- Recent advances are turning organic displays into
"one of the hottest new areas in the display
Science August 16, 1996, p. 878
- The success of organic semiconductor technologies may become a meter for
the country's ability to answer the increasing demands that consumers make
in the areas of large-area electronics, lightweight displays, and portable
computing. In fact, these two items threaten to merge together in the not
too distant future. In the most likely scenario, consumers will demand lightweight
displays that contain not only the display but also integrate the computing
and input/output circuitry onto one or both sides of a single substrate, such
as a piece of glass or plastic.
- NEW APPLICATIONS
TOOLS: Semiconducting polymers are not only finding numerous new applications,
but they will also make excellent tools to teach students about semiconductor
device concepts and fabrication.
- SURPRISINGLY SIMPLE TECHNOLOGY: A display consists of a film of semiconducting
polymer(s) sandwiched between two electrodes. Polymer LED fabrication usually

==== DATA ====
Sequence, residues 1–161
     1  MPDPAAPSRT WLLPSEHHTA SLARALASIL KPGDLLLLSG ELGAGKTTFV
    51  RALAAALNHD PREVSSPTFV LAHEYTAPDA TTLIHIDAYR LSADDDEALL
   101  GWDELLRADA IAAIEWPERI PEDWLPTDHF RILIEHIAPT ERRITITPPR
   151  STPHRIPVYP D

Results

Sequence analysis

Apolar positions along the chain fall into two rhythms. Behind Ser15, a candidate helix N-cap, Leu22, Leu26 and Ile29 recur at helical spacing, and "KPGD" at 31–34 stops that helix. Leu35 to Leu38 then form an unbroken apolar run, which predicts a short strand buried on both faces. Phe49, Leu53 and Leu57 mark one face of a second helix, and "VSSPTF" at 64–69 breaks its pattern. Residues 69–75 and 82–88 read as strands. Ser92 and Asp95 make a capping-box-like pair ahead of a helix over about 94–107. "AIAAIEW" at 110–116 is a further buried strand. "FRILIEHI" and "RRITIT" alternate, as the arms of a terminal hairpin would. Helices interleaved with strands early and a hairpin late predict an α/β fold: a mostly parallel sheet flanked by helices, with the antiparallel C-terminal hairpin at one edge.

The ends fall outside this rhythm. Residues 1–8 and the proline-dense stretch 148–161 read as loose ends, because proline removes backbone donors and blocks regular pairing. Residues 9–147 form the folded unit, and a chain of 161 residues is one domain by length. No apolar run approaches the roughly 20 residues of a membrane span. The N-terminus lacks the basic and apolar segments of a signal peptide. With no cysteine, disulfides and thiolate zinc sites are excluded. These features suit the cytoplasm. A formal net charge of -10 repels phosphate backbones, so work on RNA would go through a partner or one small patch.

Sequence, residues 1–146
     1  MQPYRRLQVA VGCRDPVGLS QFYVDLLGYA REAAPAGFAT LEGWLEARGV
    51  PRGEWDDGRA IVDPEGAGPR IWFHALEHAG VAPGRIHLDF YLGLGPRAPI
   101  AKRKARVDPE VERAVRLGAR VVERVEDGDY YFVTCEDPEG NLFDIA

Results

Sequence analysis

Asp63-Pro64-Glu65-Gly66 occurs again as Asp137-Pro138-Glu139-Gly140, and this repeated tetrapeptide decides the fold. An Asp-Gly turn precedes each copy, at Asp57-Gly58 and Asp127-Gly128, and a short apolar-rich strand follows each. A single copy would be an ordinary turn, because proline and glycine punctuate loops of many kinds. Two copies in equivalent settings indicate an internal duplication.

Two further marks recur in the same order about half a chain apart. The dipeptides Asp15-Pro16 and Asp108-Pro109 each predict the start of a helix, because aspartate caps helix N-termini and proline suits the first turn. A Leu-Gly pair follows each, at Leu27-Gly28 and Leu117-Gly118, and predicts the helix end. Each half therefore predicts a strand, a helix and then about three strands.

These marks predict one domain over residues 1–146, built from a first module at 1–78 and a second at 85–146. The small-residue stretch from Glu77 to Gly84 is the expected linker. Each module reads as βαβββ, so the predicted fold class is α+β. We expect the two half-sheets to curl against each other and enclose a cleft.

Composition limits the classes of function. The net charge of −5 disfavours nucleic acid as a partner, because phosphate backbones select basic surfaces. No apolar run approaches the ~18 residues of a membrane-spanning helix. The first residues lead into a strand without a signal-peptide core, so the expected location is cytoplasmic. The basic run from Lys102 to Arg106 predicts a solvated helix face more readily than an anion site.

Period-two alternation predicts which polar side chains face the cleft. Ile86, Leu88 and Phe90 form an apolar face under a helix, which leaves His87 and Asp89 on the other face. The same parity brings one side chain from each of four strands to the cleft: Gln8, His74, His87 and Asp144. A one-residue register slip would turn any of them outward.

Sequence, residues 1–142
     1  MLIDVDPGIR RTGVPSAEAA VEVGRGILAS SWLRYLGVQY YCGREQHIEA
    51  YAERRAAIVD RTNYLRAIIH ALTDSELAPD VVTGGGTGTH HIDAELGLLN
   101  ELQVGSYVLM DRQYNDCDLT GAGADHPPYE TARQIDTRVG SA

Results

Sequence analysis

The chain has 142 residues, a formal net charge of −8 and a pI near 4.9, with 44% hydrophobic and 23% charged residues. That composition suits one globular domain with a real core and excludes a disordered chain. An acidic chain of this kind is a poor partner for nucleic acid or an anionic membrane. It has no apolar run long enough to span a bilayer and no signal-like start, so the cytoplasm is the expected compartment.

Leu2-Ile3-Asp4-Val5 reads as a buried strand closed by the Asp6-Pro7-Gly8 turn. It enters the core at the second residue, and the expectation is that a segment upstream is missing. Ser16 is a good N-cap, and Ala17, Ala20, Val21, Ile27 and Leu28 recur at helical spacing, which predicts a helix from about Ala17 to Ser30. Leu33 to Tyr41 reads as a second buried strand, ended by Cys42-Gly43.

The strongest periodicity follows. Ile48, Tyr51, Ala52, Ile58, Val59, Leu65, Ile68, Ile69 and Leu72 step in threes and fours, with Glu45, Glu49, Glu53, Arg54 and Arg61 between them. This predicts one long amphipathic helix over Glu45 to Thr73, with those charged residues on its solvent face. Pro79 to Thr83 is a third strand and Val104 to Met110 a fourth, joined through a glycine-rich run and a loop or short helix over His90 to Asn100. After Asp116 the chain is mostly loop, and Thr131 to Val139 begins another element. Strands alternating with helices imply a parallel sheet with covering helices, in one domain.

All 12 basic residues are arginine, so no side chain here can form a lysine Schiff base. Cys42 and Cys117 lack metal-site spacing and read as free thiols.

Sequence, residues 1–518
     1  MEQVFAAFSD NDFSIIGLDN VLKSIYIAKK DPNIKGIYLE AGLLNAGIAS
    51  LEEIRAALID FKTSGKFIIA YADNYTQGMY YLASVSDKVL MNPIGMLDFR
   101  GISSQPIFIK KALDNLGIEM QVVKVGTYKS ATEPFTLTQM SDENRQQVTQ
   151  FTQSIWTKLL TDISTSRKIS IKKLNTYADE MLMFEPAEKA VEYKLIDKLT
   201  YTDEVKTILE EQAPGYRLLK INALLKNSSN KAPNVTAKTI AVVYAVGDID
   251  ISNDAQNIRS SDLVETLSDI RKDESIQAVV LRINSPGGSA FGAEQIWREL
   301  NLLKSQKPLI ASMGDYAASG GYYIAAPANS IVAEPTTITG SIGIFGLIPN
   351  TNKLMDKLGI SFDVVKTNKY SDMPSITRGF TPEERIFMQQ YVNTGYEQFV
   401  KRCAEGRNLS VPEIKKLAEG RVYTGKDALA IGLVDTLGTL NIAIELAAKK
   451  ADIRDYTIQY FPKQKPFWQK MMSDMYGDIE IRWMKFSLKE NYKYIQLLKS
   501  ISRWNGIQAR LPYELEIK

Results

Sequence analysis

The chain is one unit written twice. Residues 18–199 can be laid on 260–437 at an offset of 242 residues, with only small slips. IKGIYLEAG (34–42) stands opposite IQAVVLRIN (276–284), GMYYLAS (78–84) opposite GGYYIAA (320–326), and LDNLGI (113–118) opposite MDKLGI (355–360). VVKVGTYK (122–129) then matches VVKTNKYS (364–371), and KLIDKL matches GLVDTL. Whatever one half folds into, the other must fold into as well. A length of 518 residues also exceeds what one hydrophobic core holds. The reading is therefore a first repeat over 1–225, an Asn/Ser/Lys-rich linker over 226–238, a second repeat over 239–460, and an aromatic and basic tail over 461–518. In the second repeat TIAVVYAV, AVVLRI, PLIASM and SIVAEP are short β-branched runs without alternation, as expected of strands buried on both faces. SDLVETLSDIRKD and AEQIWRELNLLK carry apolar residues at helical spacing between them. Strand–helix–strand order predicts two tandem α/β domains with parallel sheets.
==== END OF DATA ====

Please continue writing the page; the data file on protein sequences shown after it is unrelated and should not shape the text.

begins with a transparent and insulating substrate coated with a transparent
conductor. A spin coating step is used to deposit one or more polymer layers
onto the substrate. After transfer into a vacuum chamber, the top metal electrode
is applied using a vacuum evaporation process.
- PLANS FOR POLYMER ELECTRONICS LAB: An equipment grant from the National
Science Foundation (ECS-9702320) provided the first fabrication equipment,
a vacuum evaporator and a glovebox to protect air sensitive materials. Characterization
equipment is also necessary to measure the electrical properties of the completed
devices current as a function of voltage and the amount of light emitted.
A Cal Poly Plan Project began during Summer Quarter 1998 to assemble and install
a test system for this purpose. A new NSF project (ECS-9820781) began in June
- If you're INTERESTED, please contact Braun by e-mail.
- CAL POLY
- THE NOBEL PRIZE IN CHEMISTRY
Alan Heeger, Alan MacDiarmid, and Hideki Shirakawa
were selected "for the discovery and development of conductive polymers."